CUPS – Useful Tricks

Brandon Nielsen, Zdenek Dohnal Verze F31 onwards Last review: 2021-06-16

How to install a print queue

The fact whether you have to install a printer or not depends on several things:

  • what is the device you want to install - a printer from remote CUPS server (called remote print queue) or a printer,

  • where is the device you want to install - connected by USB to your PC, in your local network, in a different network or installed on a remote server,

  • how old is the device you want to install:

    • standalone printers - most SOHO (Small Office, Home Office) and office printers made after 2010 have at least one way of supporting driverless printing, older devices depend on drivers - classic or printer applications,

    • remote print queues on a server - any OS with CUPS 2.2.8 and newer or OS where IPP Everywhere support was backported (f.e. RHEL 8) are capable of supporting IPP Everywhere, otherwise a combination of driver and raw queue is needed in client-server communication,

  • what is the purpose of the device where you install the printer - endpoint device, which is used by user as a desktop, or a server, which shares the installed printers further,

  • what are your personal preferences - using or not using IPP protocol, using or not using mDNS for autoinstallation if possible from network layout.

So there are several user stories based on those dependencies, which are described further down.

Common user stories

I have a printer made after 2015, I’m at home and want to print from my PC

  • the most common setup on desktop

  • the printer is new enough to support driverless standards via USB and network, so driverless support doesn’t depend on your connection

  • the PC is an endpoint device, I don’t want to share the printer

  • I don’t mind using mDNS and IPP, mDNS is enabled in my firewall, IPP and mDNS (or similar settings) are enabled on the printer, and mDNS resolution works (checked by pinging .local hostname)

CUPS temporary queues for USB or network are ideal for this use case.

I have an older printer, I’m at home and want to print from my PC

  • the printer doesn’t have a driverless support - check via ipptool for network printers (if the printer has IPP support and you enable the port) and via lsusb for USB printers,

  • my PC is an endpoint device

Currently there are two options - install the printer in printer application and CUPS will automatically see it, or install it with classic driver permanently. Installation with classic driver is deprecated and will be removed in CUPS 3.0.

I’m in a company which has a print server where office printers are installed, I want to print to the print server - no mDNS, but with driverless

  • the print server supports IPP Everywhere and is in a different network or doesn’t register on mDNS, or I don’t want to use mDNS

  • remote print queue has the URI ipp://<server_hostname>:631/printers/<queue_name>, where <server_hostname> is the hostname of print server and <queue_name> is a name of a print queue I want to connect to

  • ipptool command passes if the URI is used

Such printers has to be installed permanently with IPP Everywhere driver.

I’m in a company which has a printer server where office printers are installed, I want to print to the print server - with working mDNS in local network

Such remote printers are discovered automatically via mDNS and used as CUPS temporary queues on network - they are seen on mDNS and automatically picked up by dialogs.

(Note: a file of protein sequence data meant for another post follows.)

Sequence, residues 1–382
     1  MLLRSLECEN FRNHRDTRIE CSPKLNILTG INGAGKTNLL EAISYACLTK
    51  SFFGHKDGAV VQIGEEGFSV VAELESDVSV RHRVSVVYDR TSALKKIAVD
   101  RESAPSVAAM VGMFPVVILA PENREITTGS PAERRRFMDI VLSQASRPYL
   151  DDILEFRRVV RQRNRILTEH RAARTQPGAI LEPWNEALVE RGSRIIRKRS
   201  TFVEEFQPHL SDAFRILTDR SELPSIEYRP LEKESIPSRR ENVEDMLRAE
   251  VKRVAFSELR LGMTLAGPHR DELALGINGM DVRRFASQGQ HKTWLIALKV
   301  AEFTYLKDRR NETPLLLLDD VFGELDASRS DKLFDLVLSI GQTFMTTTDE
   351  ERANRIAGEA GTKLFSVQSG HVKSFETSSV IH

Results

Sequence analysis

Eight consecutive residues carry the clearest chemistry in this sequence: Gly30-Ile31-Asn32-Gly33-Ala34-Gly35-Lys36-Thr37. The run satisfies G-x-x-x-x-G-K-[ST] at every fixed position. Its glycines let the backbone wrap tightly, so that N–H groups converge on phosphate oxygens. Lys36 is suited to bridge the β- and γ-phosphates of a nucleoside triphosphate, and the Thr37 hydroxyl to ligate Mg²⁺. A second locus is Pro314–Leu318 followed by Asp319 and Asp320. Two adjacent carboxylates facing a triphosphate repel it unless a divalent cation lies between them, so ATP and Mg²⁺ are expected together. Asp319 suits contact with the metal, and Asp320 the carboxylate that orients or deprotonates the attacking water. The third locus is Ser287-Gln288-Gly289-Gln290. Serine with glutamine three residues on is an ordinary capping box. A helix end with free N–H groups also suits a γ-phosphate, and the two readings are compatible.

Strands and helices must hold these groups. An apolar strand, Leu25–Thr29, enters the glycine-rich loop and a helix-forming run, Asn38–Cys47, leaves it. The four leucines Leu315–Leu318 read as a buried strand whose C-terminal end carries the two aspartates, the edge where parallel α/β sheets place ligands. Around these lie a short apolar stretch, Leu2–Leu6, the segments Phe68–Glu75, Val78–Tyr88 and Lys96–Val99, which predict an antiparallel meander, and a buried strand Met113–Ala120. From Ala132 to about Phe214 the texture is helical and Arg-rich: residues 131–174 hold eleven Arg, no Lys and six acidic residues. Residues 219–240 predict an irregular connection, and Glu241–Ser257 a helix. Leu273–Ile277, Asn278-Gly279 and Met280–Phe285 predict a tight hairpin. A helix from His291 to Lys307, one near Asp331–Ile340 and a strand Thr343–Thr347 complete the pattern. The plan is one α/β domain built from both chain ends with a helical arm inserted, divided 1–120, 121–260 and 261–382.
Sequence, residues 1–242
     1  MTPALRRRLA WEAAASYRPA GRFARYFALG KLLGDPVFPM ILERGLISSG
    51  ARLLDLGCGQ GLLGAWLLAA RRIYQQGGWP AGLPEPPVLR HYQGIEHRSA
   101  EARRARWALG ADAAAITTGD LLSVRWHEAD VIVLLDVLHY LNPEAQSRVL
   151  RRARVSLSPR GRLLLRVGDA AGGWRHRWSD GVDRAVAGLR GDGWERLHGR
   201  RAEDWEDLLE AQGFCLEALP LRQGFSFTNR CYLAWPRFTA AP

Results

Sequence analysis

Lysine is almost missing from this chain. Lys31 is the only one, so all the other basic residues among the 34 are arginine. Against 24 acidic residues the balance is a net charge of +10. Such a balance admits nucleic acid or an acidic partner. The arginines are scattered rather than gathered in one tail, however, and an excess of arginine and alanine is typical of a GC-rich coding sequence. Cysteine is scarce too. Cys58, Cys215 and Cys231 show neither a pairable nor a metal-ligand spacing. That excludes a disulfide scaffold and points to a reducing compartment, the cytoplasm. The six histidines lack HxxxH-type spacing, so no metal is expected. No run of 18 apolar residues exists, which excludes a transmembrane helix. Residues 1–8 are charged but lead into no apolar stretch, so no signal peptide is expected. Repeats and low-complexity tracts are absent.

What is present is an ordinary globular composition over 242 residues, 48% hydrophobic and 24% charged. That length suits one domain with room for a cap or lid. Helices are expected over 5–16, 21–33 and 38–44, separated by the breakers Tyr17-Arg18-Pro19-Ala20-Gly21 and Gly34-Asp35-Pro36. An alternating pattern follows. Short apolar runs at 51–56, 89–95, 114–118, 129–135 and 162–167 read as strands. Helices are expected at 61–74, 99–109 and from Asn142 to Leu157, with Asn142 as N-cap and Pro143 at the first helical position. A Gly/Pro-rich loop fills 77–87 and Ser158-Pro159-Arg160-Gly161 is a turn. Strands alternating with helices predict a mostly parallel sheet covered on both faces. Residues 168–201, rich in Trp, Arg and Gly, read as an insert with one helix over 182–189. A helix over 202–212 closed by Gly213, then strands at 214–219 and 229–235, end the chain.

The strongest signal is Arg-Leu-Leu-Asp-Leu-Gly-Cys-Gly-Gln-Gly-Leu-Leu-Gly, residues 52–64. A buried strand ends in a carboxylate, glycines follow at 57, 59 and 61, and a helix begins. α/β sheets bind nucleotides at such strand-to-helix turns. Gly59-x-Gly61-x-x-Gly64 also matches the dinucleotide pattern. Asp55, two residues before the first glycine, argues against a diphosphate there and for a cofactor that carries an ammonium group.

I want to print, but I don’t want to or can’t use mDNS, regardless whether my printer supports driverless printing

Every printer which can’t be discovered by mDNS has to be installed permanently in CUPS or, in CUPS 3.0, by printer profile.

  1. Driverless printers:

    • all of them supported by IPP Everywhere model under Manufacturer entry in CUPS Web UI and as everywhere in CLI

    • types based on origin:

      • Network:

        • URI: ipp://<hostname_or_ip>:631/ipp/print , where <hostname_or_ip> is hostname or IP address of the printer

      • IPP-over-USB printers via ipp-usb:

        • URI: ipp://localhost:60000/ipp/print

      • Printers installed via printer application:

        • URI: ipp://localhost:8000/ipp/print/<printer_name> , where <printer_name> is the printer name chosen in printer application

  2. Remote print queues on a print server:

    • URI: ipp://<server_ip_or_server_hostname>:631/printers/<remote_print_queue> , where <server_ip_or_server_hostname> is server’s IP address or hostname and <remote_print_queue> is a name of the print queue installed on the server

    • it depends on CUPS on the server whether a local printer which points to a printer on the server can be installed as IPP Everywhere model - usually CUPS 2.2.8 and newer support driverless and some distributions such as CentOS 8 backported the functionality as well

    • otherwise it depends on printer’s driver on the old server - the key is to prevent applying the options multiple times (so one of the connections has to be raw and loses some of the functionality)

  3. Legacy or specialized printers

    • (deprecated, to be removed in CUPS 3.0) can be discovered by CUPS and installed with classic drivers

    • can be installed in printer application and then installed in CUPS as a permanent queue (see driverless printers - printers installed via printer application above)

Driverless options don’t do the trick for me on my driverless printer, I want to use features from the driver

The current recommended action is to install the printer via printer application, which contains the classic driver, because installation the printer permanently in CUPS with classic driver is deprecated and it will be removed in CUPS 3.0. Then mDNS can be used to catch it by CUPS or the printer from printer application has to be installed permanently in CUPS as a IPP Everywhere printer.

In case of IPP-over-USB printers, a reject rule has to be added as described in known issues.

I install the printer on a server, which will share the printer further